What’s beyond step six?

In general, I don’t know what I’m talking about, so I appreciated all the love and support from my first post about steps toward allyship.  Rereading through that post, I continued to pat myself on the back for articulating myself clearly and for inserting humor (treating yourself to compliments from yourself is encouraged – so I ask you give yourself a compliment right now).

I left a cliffhanger more cliffhangery than the Lost Season 1 Finale, so I’m back a whole eight months later with not four, but TWO additional steps to being an ally. You heard me, I cut my promise in half because this self-identifying dude is still trying to figure his s*** out.  If this stuff was this easy, they’d be teaching it as an elective in middle school. In all fairness, I loved middle school and had a hard time in math class learning PEMDAS, so props to middle schoolers for being legit and super smart.


So a quick recap of 1-4:

Step 1: This step is unrecognized privilege.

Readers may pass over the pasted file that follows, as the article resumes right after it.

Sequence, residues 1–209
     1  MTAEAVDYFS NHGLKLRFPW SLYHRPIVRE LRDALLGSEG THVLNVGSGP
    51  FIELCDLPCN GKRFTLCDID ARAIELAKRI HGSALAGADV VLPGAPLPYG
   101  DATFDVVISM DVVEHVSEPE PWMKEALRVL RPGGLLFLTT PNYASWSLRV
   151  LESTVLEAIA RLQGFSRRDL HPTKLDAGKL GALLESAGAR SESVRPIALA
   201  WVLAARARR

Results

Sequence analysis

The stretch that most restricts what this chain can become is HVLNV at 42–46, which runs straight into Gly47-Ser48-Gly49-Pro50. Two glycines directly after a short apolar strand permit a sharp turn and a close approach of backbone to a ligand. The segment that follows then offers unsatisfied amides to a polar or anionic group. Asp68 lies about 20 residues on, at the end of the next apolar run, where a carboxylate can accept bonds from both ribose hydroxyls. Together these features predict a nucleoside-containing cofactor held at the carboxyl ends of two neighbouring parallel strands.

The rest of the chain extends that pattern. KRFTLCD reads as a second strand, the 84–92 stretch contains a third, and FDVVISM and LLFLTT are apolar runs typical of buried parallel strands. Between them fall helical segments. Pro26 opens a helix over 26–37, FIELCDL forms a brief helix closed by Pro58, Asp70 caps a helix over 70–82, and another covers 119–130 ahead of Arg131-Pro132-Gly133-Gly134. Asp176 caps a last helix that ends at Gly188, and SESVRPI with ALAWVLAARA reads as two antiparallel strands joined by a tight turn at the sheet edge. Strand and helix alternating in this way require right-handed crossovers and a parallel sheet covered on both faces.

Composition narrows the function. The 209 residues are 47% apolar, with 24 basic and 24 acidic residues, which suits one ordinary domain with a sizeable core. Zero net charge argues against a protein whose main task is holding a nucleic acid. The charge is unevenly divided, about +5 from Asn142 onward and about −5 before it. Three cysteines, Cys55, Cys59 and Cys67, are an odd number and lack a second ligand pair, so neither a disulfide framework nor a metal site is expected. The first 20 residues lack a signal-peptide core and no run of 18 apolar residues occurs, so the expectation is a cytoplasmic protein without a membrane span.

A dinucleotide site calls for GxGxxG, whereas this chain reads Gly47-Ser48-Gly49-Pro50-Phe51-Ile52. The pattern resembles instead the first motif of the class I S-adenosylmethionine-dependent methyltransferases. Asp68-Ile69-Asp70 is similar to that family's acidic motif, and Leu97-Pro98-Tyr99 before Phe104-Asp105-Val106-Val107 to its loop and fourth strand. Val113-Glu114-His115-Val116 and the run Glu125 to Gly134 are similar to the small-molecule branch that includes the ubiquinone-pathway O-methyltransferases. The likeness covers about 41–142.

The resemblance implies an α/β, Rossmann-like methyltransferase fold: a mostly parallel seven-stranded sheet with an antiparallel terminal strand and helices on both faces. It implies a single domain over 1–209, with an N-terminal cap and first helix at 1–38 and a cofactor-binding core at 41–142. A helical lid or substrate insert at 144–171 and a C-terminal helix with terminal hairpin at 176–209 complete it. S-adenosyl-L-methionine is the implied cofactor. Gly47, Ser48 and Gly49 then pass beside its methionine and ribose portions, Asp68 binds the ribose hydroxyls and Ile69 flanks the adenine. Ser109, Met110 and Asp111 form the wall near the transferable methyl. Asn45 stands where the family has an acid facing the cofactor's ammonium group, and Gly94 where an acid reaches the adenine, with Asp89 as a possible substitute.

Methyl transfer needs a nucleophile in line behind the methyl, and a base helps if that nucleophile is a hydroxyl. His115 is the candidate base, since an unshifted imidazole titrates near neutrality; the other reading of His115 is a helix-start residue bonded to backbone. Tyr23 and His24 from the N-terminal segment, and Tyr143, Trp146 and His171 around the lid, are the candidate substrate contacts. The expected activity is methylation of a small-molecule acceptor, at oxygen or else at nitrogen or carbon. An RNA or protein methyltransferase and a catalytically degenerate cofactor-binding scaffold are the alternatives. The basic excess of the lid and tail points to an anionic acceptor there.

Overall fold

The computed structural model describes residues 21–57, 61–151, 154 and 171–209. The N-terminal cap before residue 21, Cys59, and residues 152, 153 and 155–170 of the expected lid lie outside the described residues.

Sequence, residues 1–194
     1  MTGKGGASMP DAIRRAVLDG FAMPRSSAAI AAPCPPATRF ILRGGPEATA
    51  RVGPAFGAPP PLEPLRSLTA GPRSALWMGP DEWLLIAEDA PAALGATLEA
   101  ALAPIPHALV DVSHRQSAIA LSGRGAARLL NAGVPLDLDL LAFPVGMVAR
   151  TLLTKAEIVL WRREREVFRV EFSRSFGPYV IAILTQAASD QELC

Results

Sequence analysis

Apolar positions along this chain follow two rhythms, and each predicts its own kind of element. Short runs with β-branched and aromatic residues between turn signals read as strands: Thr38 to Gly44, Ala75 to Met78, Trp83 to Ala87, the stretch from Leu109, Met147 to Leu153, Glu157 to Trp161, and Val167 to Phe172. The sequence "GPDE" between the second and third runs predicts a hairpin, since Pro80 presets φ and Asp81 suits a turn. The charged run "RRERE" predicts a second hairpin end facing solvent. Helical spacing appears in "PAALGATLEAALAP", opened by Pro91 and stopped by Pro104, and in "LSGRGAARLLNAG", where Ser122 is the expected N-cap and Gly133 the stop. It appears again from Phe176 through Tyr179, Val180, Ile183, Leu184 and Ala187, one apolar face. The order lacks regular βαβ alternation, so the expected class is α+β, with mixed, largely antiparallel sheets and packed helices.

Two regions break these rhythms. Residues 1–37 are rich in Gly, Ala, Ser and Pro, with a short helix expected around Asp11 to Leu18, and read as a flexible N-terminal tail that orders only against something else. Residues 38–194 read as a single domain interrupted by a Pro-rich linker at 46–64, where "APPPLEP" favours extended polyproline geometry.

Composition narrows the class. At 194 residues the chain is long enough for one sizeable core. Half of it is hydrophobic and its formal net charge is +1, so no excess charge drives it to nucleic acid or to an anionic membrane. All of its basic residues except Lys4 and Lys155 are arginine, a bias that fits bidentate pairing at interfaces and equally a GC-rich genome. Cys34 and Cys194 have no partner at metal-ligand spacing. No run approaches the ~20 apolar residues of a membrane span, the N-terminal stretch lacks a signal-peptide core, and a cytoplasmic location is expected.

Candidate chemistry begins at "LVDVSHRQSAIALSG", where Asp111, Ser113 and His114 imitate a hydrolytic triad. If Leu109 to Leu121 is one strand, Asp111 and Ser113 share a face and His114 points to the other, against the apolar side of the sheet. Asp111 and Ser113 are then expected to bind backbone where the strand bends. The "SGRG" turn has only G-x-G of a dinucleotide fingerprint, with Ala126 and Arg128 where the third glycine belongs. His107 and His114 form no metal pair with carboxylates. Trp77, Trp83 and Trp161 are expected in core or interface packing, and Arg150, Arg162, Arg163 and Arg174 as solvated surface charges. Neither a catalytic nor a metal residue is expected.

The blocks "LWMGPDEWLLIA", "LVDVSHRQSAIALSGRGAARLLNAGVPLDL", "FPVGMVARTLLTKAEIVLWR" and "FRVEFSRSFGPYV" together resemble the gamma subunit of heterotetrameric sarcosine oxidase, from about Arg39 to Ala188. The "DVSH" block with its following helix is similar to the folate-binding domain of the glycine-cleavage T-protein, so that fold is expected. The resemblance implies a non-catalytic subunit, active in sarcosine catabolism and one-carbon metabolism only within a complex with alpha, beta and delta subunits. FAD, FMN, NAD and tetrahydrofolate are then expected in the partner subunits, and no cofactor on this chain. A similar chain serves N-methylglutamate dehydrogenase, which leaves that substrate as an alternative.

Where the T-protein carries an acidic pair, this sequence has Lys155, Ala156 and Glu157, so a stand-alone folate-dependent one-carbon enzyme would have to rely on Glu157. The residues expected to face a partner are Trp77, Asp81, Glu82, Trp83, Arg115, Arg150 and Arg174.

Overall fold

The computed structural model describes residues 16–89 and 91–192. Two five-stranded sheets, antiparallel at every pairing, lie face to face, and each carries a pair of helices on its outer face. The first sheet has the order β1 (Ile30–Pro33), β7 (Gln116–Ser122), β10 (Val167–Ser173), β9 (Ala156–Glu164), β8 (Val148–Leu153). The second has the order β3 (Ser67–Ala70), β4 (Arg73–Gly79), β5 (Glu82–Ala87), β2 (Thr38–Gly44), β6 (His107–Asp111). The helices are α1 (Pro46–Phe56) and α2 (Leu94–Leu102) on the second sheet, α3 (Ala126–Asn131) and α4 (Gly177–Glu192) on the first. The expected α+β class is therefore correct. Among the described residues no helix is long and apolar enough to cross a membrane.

Step 2: you’ve gotta do some self-work realizing your privileges and its affects on your relationships.

Step 3: beaming yourself down from some holy social justice pedestal.

Step 4: listen, support, and understand you still are clueless.

A bit of a reflection on steps 1-4, if I may.  I still like these steps because they don’t really give you an answer besides checking yourself. Based on my interactions, people still need to check themselves.  I still check myself every day.  A fun/sad activity I indulge in every day is to write down one way that my privilege showed itself that day.  It’s a good reminder to myself that just because I consider myself a social justice gladiator (thanks, SCANDAL), doesn’t mean that I’m perfect (steps 1, 2, 3, and 4 are reminders of that). So try that out and let me know how you do.


**refer to the photo above for suggest facial expressions to each step**

Step five: Stay updated on the news front. Being an ally isn’t some party trick that impresses people and it’s not a way for you to feel closer to an oppressed group.  Being an ally is about understanding your privilege and dismantling that privilege.  Did you read about the SCOTUS decisions on DOMA, Voting Rights Act, or the Indian Child Welfare Act? Following the Trayvon Martin trial? Did you follow the Wendy Davis filibuster (so badass)? How about the Paula Deen situation? For me, reading this stuff isn’t on the checklist for being an ally, reading the news about social equality/equity/justice is my sports section. Luckily, I’ve created a network of friends who also love “sports” and send me articles/news.  You should develop that network!